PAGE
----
Wednesday, March 10, 2004

In-class response system update: the negatives

As I've discussed before (here, here, and here), I'm using an in-class response system for the first time this semester in my 180-student zoology lecture. The system is designed to encourage participation in a classroom setting. Students answer questions using handheld transmitters, and the answers are automatically tabulated on the computer at the front of the room. See this post for a more thorough explanation of the system.

I've now used the system for four weeks, and overall am quite pleased (Educue's Personal Response System is the brand I'm using). However, there have been a few speed bumps and potholes on the road, and I'll talk about those in this post. In a future post I'll discuss the benefits.

Installation was deceptively easy. We used Velcro to attach the four receivers to the wall, and connected the units to the computer with cables provided by the manufacturer. Unfortunately, the Velcro failed. During my first lecture with the PRS system installed, one of the receivers at the front of the hall fell off the wall, bouncing loudly on a metal stool. All of the four receivers have now fallen off the wall at least once, and to prevent more loud lecture interruptions I've been taking down the receivers after each lecture.

It appears that the Velcro has been strong enough to hold the units onto the wall; the problem is with the glue attaching the Velcro pads to the wall. I've ordered some mounts for the units that screw into the wall ($7 each from Educue), and these should solve the problem.

The second major problem is that students have had difficulty acquiring the transmitters. The transmitters were bundled with all new textbooks for my course, but there were initially no transmitters available separately in the bookstore, as the bookstore staff wanted to force students to buy new books and were worried about returns. They finally agreed to stock the units separately, but ordered only a few units at a time and priced them with a high markup. I still have a few students who are waiting to get their transmitters; primarily these are students who bought them earlier and subsequently lost them, but it's been taking a week or more for students to get the units.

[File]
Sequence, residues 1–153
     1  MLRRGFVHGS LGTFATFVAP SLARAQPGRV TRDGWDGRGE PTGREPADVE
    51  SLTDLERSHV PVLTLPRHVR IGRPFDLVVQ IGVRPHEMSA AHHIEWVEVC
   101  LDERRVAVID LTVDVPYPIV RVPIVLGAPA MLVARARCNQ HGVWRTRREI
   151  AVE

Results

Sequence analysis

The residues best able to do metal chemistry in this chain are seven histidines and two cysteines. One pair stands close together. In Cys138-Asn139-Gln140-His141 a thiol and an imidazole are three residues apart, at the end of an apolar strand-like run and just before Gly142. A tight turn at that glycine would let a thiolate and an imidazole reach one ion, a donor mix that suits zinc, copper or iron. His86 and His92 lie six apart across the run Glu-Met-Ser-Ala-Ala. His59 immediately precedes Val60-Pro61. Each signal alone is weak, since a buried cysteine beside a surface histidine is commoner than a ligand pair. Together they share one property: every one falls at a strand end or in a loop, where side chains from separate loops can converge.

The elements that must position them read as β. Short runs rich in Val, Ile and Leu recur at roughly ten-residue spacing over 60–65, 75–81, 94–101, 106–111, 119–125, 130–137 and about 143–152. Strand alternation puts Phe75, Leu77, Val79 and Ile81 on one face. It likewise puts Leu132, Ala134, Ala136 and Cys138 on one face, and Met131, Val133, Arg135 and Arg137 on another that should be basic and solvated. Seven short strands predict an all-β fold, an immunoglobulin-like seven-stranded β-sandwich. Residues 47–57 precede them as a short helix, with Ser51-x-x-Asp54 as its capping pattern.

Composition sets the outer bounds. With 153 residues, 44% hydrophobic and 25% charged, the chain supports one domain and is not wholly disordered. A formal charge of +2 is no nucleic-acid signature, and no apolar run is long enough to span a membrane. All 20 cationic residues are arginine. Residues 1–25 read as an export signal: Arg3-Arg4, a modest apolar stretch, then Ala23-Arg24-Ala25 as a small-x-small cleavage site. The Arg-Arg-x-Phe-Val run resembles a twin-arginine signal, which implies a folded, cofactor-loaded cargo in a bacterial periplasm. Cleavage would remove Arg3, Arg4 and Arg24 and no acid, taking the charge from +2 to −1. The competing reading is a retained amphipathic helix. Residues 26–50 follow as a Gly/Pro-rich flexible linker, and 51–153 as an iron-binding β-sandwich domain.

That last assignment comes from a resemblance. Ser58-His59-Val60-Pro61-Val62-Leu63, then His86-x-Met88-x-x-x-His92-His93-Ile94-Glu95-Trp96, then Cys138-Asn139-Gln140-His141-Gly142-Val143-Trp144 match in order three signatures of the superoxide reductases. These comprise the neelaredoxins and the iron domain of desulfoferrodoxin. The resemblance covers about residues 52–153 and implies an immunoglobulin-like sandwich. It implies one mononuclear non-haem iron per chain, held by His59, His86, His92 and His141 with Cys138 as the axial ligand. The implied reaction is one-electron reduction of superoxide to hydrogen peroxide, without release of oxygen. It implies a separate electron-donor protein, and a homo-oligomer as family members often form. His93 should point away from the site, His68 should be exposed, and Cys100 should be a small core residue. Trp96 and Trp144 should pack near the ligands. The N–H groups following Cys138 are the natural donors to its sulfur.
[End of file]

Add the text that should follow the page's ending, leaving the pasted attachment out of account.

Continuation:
The third problem has been with units breaking. I've had three students report that their unit has broken after only four weeks of use. I suggested that the students go to the bookstore or the manufacturer and see if they could get a replacement, and I believe that they've been able to acquire replacements without a problem (but am not certain). The failure rates seem relatively high, and if the system was being used for quizzes or tests this would have been a significant problem. Additionally, students regularly forget (or misplace) their transmitters; in nearly every lecture I've had at least two or three students who didn't have their transmitters on hand.

Even with functioning units in class it's not clear that every student is able to respond to every question. The transmitters are a bit difficult to aim, and each individual receiver can only receive one signal per 1/10th of a second (or so), meaning that if multiple students simultaneously send a signal to one receiver only the first student's signal will be received. To account for this, the student transmitter ID numbers are displayed on a grid on-screen whenever a response is received. However, since I need to devote the lower half of the screen to the question text, the grid can get pretty small and with a large class it's difficult to see when each student's response comes in. I've had students repeatedly say that they're unsure whether their answers are being received by the system.

The software that Educue ships with the unit is another problem. After a bit of time playing with the program I've been able to use it easily in class, but it's far from intuitive. There are at least seven separate types of files that can be loaded or saved at one time: session files, settings files, question properties files, name files, class files, answer files, and grade book files, to name the ones I can think of quickly. I've had the program stop receiving signals at least twice, and had some annoying errors (and data loss) when the program tried to save files to a directory I didn't have access rights to.

These units are often marketed to be used as quiz and testing tools (touting paperless, automatic grading), and based on the problems that I've seen so far I'd have to say that they would probably not make a good testing tool. The two other in-class response system users I talked with over the weekend at the conference had very similar opinions, so I don't think I'm alone here.

So, what are the systems good for? They're excellent for encouraging participation and conducting formative assessment. Even considering all the negatives, I've enjoyed using them this semester, and plan on continuing to use in-class response systems in the future.

[Update: I've posted a discussion of the benefits of the in-class response system here]

No comments: